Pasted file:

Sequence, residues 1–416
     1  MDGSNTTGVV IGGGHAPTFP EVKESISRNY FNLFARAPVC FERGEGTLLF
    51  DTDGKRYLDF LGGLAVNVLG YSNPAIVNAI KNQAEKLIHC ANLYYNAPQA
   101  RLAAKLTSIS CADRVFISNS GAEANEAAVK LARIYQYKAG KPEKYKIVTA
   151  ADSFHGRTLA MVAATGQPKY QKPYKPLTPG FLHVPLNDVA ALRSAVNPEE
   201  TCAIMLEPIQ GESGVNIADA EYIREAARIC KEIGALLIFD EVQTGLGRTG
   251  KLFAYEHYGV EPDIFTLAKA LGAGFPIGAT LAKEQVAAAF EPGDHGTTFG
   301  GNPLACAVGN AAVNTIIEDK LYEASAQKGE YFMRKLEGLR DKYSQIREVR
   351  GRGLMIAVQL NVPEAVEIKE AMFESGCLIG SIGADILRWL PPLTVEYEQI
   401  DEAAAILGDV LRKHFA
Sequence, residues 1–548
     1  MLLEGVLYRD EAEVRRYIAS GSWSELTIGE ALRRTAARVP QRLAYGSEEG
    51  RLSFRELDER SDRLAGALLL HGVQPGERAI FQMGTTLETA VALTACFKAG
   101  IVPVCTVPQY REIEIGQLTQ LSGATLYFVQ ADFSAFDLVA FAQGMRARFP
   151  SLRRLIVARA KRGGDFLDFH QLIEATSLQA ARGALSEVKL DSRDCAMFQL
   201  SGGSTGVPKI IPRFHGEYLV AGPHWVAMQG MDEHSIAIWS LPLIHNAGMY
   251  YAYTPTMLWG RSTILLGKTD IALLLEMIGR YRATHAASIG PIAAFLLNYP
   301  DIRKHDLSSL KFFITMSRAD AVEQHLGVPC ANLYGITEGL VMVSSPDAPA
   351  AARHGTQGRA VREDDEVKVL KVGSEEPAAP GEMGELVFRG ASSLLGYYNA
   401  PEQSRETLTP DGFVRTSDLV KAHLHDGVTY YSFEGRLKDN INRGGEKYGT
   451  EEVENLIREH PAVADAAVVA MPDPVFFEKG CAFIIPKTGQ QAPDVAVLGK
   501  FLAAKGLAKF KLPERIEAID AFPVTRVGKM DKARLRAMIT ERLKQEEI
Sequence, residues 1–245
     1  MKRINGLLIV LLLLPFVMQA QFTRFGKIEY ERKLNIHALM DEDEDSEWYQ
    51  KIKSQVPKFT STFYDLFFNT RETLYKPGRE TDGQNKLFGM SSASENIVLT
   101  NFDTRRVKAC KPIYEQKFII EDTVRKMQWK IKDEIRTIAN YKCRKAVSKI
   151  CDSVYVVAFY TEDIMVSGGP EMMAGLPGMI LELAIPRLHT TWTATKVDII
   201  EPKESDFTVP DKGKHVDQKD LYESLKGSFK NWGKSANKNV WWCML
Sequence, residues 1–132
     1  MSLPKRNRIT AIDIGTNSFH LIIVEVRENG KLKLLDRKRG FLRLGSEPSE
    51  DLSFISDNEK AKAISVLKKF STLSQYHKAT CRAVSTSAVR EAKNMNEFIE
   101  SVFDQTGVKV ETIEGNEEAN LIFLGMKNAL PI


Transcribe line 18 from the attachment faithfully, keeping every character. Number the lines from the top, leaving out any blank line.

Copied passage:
   301  DIRKHDLSSL KFFITMSRAD AVEQHLGVPC ANLYGITEGL VMVSSPDAPA